Above: It’s getting hot in here … the Quest Through the Pole team chills out on an ice floe during their attempt to sail across the North Pole last summer, an objective only imaginable due to climate change. More on their story coming up soon.
We know the planet is in trouble—but what are the most pressing issues of the new year? Recently, a group of environmental scientists, university researchers and other experts got together to analyze some emerging ideas in conservation. They narrowed their list down to a handful of issues that could have a big impact on the future of Earth. Here are five trends to keep an eye on in 2019.
A Closer Look at the Plastic Problem
Inventors and activists have put forth tons of ideas for reducing the amount of plastic in our environment, from creating plant-based bioplastics to giant ocean vacuums. But according to the report, “A Horizon Scan of Emerging Issues for Global Conservation in 2019,” not enough attention has been paid to what happens when these environmentally-friendly approaches are rolled out. Researchers will need to look into the effects on waterways, food production and more.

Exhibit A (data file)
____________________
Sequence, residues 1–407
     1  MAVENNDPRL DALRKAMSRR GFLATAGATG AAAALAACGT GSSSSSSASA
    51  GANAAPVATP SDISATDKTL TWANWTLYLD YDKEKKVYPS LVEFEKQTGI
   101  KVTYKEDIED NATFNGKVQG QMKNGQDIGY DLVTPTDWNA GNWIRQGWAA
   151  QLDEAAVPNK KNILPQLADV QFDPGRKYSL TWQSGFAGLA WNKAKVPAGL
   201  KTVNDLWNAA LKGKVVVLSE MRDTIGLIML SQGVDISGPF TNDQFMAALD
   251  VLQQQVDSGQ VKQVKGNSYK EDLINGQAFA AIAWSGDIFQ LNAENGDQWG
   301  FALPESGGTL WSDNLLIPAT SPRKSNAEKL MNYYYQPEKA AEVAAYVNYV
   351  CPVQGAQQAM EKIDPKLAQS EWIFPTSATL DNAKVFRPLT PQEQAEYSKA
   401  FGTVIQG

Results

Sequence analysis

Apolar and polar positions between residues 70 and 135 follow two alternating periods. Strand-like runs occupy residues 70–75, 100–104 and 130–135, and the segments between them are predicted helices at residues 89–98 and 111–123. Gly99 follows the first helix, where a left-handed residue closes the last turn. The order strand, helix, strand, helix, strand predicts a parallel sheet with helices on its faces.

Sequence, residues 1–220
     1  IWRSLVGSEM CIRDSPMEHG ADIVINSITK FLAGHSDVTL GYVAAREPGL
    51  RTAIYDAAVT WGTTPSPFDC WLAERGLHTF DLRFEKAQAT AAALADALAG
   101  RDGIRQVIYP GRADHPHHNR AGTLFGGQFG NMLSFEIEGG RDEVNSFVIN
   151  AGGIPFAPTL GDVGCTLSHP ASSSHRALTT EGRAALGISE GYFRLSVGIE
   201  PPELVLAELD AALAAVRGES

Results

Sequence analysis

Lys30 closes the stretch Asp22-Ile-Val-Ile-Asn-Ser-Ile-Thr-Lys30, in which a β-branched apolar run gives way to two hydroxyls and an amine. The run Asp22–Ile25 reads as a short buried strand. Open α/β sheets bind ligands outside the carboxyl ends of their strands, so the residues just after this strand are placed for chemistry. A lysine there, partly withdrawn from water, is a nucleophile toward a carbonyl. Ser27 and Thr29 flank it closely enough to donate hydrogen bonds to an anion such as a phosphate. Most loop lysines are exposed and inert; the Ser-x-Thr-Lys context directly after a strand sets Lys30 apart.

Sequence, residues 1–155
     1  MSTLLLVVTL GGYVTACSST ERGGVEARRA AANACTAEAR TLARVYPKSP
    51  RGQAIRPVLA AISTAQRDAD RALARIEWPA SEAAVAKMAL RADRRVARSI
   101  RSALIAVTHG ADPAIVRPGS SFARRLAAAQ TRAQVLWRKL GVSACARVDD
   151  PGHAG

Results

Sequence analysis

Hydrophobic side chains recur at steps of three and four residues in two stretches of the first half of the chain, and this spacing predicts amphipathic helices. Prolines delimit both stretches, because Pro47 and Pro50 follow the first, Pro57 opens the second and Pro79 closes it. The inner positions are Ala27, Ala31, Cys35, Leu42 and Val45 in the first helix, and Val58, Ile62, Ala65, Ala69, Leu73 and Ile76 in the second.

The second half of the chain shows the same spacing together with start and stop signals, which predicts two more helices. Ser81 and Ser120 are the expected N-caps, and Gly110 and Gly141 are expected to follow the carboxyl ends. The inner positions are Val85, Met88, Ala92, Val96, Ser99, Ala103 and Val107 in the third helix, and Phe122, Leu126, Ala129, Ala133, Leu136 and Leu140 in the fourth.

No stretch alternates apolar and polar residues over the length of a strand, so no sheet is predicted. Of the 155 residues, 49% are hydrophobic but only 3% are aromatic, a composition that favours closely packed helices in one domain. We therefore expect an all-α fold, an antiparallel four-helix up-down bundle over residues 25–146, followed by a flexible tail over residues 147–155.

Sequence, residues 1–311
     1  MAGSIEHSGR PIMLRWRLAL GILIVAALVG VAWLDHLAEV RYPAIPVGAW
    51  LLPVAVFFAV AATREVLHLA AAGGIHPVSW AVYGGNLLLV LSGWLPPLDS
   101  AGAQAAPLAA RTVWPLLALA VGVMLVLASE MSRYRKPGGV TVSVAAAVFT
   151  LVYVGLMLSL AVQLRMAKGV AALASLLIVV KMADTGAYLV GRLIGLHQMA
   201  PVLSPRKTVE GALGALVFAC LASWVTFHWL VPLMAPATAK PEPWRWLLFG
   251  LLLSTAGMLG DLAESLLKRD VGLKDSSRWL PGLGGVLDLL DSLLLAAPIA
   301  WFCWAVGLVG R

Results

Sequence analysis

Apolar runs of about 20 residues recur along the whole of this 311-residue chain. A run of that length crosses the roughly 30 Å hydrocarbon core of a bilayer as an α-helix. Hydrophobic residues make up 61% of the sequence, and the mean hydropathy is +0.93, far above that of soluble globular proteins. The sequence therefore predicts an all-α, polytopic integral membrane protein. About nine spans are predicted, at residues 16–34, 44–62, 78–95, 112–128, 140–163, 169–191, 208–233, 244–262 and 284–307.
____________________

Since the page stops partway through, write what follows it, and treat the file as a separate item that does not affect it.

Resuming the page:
Making It Rain in Tibet
Climate change is shrinking Tibetan glaciers—one of the main sources of water for people in the region. China is planning to seed rain clouds with chemicals and generate precipitation for a 600,000-square-mile area, creating a new water source and potentially making the land more fertile. But the added water could actually cause the alpine climate and biodiversity to deteriorate further, something scientists are watching closely.
Something for Safer Sunscreens
Many commercial sunscreens contain ingredients that can harm coral reefs, and companies are looking for new materials that are safe for the environment but still prevent sunburns. A compound called shinorine—which is harvested from red algae—is showing some promise, but more research is needed to see if it’s OK for regular use on people and for the oceans.
Melting Permafrost, More Mercury
Arctic permafrost holds around 1.8 million tons of mercury, about twice as much as the entire rest of the world. Unfortunately, that permafrost is thawing. That could allow tons of mercury to enter waterways and travel far and wide, poisoning plants and animals as it goes. Scientists will need to closely monitor the situation in the future.
Big Changes in Antarctica
Speaking of melting, big changes could happen in Antarctica, where freshwater glaciers streaming into the sea could make the coastal waters less salty. Sand and sediments flowing from land could smother life on the seafloor, which could upset the balance of other animal populations, and even the carbon cycle itself. The full effects are yet to be seen.